POLICY OPTION 6: Improve parole supervision.
B. Allow parole officers to use swift and certain sanctions in response to supervision violations.
Currently, if a person violates a condition of his or her parole, parole officers may respond in a variety of ways. For example, they can issue a written warning, impose a curfew, require participation in a treatment program, or revoke the person’s supervision and place him or her in a parole violator center. The parole officer’s response would depend on the seriousness and frequency of the violations. However, current statutes do not allow parole officers to use swift, certain, and proportionate confinement sanctions for technical parole violations. Without this option, parole officers are limited in their ability to help change the behavior of the people they supervise and reduce recidivism.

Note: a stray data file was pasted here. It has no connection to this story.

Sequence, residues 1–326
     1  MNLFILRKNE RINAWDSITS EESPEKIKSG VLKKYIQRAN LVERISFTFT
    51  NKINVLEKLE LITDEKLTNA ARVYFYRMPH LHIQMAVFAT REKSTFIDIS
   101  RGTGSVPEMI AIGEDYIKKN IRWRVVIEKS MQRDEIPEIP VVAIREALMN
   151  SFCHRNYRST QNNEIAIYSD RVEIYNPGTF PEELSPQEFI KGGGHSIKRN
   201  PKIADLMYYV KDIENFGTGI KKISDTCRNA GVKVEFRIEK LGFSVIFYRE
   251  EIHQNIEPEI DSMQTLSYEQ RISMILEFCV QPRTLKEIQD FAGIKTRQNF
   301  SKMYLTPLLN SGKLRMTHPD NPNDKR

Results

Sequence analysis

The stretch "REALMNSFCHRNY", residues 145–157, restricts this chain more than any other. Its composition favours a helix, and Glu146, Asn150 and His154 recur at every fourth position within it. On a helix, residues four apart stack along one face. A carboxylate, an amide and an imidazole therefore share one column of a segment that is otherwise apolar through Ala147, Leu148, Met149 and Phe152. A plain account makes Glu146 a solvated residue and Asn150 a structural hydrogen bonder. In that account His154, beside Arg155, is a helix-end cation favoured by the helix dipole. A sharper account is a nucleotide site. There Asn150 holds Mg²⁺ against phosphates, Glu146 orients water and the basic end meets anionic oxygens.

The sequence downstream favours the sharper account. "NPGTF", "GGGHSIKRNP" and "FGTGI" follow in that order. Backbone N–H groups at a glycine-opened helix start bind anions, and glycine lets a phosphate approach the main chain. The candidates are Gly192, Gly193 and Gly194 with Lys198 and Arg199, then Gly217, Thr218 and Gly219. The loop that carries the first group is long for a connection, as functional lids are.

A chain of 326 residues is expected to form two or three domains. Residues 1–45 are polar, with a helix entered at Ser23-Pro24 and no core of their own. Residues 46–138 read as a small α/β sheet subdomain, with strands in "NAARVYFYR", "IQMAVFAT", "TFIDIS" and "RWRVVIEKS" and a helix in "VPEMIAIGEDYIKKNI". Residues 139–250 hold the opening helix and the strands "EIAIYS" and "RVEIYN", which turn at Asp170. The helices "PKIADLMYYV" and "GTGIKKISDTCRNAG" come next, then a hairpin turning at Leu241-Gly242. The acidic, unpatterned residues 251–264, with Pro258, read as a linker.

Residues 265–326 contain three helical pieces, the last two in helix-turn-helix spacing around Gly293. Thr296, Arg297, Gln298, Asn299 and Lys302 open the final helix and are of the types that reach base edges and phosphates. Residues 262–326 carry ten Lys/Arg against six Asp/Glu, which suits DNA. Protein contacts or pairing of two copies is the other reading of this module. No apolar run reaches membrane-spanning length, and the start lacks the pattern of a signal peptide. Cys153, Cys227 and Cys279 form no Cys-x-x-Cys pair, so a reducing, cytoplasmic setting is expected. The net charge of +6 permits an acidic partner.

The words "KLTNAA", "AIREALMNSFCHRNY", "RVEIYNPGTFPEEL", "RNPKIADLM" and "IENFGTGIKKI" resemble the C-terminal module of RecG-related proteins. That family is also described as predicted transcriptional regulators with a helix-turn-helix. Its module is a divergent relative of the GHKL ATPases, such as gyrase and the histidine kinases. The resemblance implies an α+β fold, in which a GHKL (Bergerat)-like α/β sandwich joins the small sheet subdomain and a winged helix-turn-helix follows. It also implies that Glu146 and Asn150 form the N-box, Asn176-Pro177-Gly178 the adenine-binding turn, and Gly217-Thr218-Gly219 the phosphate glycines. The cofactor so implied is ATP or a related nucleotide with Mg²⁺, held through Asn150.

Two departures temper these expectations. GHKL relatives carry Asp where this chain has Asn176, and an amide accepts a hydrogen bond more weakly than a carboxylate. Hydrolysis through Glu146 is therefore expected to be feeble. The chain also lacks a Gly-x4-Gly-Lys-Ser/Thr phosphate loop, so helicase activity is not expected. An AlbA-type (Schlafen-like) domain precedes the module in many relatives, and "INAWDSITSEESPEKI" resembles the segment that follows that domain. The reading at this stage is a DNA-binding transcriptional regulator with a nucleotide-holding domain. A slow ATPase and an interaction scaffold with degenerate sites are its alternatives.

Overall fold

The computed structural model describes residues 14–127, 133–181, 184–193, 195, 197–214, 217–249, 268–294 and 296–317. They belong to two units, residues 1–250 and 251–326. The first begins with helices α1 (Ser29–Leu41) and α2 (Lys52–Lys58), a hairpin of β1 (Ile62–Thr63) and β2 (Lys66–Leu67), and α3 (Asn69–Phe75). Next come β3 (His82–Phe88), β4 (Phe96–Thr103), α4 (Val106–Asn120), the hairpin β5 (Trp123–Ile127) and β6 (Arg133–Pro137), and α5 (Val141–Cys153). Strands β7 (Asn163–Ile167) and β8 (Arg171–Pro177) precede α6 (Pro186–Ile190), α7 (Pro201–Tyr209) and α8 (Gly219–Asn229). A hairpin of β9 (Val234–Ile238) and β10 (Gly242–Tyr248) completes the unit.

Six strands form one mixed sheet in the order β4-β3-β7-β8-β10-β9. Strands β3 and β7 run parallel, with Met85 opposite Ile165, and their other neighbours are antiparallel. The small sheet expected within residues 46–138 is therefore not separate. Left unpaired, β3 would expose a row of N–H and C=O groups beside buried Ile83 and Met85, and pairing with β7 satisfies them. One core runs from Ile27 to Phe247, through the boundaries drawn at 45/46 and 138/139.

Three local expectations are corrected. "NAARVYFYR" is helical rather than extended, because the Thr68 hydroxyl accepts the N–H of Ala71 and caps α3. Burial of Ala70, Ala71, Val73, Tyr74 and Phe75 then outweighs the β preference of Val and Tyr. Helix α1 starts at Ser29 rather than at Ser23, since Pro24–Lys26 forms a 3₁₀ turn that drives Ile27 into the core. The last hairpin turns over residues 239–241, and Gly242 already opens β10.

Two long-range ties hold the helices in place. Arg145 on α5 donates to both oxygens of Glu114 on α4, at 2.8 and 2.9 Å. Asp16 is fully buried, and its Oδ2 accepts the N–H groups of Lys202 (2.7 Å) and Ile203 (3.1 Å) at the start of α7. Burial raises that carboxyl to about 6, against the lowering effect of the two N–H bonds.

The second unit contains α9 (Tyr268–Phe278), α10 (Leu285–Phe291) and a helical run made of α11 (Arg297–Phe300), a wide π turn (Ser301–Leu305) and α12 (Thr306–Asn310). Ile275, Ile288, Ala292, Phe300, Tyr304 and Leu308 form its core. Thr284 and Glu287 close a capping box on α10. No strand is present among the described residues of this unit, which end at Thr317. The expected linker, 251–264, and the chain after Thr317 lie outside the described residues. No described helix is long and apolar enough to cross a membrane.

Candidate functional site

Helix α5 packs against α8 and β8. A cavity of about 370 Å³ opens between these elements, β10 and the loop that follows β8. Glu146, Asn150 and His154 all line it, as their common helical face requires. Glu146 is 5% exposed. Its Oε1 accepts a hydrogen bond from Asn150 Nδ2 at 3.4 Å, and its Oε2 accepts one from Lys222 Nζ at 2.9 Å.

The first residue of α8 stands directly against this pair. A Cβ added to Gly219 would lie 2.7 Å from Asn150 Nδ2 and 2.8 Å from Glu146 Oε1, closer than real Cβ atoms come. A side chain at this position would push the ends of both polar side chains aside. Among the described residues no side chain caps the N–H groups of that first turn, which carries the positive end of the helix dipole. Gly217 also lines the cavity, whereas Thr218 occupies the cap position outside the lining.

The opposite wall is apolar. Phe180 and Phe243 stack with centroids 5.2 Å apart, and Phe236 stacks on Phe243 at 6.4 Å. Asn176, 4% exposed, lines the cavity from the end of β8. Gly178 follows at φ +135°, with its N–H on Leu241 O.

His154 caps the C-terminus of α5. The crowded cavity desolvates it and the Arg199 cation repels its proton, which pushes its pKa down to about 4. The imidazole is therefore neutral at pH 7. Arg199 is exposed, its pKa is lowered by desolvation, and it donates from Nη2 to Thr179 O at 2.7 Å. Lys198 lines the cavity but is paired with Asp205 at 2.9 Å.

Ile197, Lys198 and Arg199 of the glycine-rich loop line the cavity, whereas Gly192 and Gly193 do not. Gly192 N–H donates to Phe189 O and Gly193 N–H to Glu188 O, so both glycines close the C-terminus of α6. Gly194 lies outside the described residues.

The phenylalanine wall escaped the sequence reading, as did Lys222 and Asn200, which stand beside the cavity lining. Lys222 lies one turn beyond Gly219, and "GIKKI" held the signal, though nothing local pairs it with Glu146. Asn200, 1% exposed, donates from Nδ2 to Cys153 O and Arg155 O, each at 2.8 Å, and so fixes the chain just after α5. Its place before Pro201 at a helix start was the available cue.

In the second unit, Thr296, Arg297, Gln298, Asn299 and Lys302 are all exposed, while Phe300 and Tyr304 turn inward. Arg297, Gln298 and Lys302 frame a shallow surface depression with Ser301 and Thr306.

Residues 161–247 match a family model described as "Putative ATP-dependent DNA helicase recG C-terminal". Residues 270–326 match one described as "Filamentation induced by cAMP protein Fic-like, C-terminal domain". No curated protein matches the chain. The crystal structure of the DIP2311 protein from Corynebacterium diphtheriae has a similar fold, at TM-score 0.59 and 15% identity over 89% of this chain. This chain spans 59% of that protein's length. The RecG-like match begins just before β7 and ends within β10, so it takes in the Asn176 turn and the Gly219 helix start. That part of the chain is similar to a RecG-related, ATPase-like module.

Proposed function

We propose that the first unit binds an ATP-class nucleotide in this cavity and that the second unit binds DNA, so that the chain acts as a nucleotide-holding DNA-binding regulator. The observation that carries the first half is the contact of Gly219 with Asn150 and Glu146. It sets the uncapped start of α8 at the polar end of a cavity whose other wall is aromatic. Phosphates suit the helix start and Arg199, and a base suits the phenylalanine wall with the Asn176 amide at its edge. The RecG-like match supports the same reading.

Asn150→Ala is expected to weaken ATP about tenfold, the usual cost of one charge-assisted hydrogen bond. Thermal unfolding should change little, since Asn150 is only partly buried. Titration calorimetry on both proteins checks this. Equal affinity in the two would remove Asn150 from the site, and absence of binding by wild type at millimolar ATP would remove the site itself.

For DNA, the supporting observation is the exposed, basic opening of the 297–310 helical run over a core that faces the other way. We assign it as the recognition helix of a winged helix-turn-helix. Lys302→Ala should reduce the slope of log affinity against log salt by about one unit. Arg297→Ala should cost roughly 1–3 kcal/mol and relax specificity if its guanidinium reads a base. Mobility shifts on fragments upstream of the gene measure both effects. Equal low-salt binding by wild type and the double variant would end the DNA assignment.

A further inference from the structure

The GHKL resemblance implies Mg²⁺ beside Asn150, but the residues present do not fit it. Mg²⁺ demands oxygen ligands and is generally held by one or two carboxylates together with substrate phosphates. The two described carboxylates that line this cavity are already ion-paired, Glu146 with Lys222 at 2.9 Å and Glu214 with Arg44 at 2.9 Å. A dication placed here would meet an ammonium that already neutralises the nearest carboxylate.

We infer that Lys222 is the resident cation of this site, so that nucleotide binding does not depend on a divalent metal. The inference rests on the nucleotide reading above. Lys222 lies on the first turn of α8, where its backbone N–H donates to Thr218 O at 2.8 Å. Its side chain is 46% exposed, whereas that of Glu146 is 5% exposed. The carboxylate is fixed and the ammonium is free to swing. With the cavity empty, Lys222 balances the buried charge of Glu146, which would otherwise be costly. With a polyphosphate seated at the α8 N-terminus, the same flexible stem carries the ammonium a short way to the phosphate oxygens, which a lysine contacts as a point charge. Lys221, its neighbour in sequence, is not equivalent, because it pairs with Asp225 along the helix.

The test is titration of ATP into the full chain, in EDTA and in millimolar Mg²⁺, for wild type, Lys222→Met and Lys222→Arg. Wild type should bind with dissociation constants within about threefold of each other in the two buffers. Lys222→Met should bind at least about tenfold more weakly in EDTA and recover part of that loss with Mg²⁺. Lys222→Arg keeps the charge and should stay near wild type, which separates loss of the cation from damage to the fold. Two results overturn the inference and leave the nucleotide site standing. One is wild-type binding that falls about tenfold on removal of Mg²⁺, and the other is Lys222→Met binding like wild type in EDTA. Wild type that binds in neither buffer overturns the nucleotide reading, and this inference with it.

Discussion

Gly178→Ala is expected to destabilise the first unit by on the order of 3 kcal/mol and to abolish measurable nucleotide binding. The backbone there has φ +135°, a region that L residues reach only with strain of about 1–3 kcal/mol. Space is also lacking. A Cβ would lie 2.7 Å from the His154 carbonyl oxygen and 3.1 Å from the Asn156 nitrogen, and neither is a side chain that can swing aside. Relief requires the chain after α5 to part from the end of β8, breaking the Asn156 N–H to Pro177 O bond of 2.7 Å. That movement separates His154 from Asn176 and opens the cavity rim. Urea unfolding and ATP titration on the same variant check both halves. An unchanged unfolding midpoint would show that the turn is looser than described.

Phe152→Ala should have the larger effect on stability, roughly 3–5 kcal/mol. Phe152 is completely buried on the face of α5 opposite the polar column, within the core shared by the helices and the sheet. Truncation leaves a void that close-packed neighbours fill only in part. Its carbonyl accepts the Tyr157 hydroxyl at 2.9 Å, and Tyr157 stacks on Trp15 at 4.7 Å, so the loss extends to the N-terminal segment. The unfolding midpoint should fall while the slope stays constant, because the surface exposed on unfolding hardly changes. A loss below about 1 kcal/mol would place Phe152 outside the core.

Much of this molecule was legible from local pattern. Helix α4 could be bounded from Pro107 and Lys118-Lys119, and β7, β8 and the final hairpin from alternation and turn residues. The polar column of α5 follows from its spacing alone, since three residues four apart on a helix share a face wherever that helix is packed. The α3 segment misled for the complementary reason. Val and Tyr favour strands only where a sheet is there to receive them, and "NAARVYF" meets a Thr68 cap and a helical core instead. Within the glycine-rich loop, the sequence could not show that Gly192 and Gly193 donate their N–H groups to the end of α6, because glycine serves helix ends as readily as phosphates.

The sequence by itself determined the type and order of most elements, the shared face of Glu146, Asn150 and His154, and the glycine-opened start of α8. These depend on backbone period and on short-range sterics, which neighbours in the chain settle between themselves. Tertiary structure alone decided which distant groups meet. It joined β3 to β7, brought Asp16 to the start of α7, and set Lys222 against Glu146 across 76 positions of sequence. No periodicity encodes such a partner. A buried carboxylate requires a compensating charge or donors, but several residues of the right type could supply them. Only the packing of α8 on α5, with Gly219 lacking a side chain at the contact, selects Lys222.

This policy option allows officers to use short sanctions of incarceration as a response to technical parole violations. Research shows that using immediate sanctions of brief periods of incarceration in response to violations helps change the behavior of people on supervision better than lengthy sanctions imposed long after the violation. Swift, certain, and proportionate sanctions for violations can increase compliance with the conditions of supervision, because people on supervision see the response as a direct consequence of their behavior and are therefore more likely to change future behavior. If a sanction is carried out immediately after a violation, punishments as short as one or two days have been shown to improve behavior. As behavior improves, incarceration costs for people who violate their supervision decrease. For example, in 2011, North Carolina enabled its probation officers to respond to violations with short confinement sanctions. As a result, probation revocations to prison fell by more than half between 2011 and 2014.